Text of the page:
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  3. I'm sorry you have chronic pain, Pers. I can't imagine how that must be, and I admire your having the energy and dedication to do your cranky pants thing here. And I agree: the decision about which and how much painkillers should be purely between doctor and patient: the law has no business here.

    Anyway, thanks for doing what you do.

    bussi from sunny Vienna, zilch

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  4. the decision about which and how much painkillers should be purely between doctor and patient: the law has no business here.

    If everyone is honest and trustworthy, I agree. I know a guy who does abuse oxies. He does so with the help of his doctor. I know guys who have chronic pain, who need more pain killers but can't get it (just like PF here) because of abusers like the first guy.

    Every case should be treated individually, but instead everything gets bundled together and Doctors get scared of losing their license. It is a vicious cycle because of drug abuse.

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  5. We have a guy here at my work who's... unpleasant. Sometimes. Mostly he's pleasant enough and keeps to himself, but occasionally he gets mean: petty, vindictive, angry out of all normal proportion. For a long time I thought he was just an asshole, and did my best to avoid him.

    Nope. Turns out he was hit by a car - I think while trying to help someone else with their car. Broken hip, broken leg... Most days the limp is barely visible. Other days, it's pronounced. And those behaviors that I thought were just him? Chronic, if not constant, pain.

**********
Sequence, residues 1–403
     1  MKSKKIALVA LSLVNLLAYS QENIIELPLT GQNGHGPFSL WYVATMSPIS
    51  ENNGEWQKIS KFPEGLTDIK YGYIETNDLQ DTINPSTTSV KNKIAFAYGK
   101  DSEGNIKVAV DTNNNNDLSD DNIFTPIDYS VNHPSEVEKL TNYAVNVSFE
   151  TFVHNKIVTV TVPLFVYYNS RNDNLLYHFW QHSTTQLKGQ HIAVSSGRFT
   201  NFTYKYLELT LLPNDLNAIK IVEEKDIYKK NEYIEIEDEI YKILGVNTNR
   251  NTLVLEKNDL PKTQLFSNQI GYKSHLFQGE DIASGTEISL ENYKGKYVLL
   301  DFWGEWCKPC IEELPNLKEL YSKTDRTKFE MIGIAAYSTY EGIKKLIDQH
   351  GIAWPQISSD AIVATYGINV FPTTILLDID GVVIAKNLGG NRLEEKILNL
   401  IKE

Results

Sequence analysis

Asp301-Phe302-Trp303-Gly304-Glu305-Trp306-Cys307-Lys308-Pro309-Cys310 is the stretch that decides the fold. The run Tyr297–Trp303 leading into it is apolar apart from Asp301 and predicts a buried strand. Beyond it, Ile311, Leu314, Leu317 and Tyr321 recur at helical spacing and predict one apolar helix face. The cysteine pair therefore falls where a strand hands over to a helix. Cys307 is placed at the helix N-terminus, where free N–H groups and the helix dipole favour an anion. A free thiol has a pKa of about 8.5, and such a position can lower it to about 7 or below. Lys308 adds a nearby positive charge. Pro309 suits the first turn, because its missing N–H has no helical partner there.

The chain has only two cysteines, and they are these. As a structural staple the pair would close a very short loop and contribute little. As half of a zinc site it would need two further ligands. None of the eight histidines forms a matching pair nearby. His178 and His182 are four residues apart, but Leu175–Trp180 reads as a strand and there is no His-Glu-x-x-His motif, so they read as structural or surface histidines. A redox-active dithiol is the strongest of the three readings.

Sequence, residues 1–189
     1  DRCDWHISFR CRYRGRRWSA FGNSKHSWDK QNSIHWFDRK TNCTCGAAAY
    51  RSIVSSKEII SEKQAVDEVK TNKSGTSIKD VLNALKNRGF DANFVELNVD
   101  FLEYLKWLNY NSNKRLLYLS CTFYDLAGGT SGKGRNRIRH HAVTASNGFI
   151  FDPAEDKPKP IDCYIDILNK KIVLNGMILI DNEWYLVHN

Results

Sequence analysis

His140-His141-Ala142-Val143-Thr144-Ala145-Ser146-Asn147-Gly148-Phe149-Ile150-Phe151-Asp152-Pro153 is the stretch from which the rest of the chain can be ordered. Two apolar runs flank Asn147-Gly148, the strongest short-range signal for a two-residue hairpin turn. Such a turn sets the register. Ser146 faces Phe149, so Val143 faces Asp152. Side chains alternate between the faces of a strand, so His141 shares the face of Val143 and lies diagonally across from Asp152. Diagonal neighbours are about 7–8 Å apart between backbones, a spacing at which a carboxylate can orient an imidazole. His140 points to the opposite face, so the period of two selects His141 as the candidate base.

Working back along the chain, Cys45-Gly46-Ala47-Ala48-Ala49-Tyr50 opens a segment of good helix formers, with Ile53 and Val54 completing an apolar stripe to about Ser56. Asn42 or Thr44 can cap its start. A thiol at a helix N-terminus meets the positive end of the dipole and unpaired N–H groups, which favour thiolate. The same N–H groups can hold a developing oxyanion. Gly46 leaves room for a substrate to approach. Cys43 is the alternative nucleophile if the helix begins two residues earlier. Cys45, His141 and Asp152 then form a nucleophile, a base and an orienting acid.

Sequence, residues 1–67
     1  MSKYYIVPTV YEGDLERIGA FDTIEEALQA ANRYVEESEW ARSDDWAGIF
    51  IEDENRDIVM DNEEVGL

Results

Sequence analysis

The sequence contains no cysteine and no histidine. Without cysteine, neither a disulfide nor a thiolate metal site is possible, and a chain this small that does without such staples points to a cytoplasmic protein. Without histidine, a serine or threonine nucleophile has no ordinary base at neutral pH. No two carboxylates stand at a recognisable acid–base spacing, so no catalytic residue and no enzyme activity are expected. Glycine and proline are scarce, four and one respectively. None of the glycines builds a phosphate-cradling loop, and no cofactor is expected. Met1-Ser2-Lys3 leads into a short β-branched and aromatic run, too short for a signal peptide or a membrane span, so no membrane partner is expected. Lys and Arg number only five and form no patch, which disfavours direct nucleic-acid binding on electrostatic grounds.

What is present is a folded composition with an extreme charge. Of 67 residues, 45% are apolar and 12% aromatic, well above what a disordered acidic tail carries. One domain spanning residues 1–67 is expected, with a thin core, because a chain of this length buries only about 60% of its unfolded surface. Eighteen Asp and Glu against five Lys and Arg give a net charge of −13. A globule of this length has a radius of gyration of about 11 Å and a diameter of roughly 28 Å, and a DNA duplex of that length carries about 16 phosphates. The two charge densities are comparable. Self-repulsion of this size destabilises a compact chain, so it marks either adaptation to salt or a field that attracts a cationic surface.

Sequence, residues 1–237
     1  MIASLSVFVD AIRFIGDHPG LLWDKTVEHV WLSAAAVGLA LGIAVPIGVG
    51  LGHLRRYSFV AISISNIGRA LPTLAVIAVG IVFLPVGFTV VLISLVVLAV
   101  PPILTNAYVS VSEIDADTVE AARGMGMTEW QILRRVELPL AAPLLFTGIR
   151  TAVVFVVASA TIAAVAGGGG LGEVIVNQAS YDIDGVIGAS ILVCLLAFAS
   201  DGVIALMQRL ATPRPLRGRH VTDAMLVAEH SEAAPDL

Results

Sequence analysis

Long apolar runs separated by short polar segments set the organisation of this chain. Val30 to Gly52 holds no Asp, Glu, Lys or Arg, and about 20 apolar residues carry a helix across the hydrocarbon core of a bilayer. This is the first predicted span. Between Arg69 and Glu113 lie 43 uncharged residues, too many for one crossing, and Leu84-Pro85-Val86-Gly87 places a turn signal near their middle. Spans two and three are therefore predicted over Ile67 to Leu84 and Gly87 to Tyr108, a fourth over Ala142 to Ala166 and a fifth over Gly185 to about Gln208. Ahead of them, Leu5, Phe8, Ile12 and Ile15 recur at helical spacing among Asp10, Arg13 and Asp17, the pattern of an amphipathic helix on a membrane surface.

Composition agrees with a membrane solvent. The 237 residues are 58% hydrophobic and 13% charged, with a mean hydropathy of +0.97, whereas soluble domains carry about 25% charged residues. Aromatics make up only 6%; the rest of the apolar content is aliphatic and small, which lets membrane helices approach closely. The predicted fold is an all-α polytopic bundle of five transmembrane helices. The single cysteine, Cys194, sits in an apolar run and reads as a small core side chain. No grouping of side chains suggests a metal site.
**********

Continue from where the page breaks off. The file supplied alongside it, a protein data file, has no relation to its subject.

My point being that it can be damned hard to tell the difference. I don't say that to excuse doctors who over- or under-prescribe. Quite the opposite: that difficulty is precisely why they need to make sure.

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  6. The trouble is, where exactly do you draw the line between "legitimate use" and "abuse"? I don't see any God- or science-given answer here: it's a continuum. And while I agree about discretion being necessary, I still say: the law has no business here. I don't see how you can draft laws against abuse that don't also take away from those who need them, and I'd rather err in the direction of personal liberty than in trying to legislate intelligent use.

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  7. Zilch, which is why I say it has to be a case by case basis with the law as it currently is. If you are saying that the law needs to change, I have nothing against that. Personally, I am all for less drug restrictions.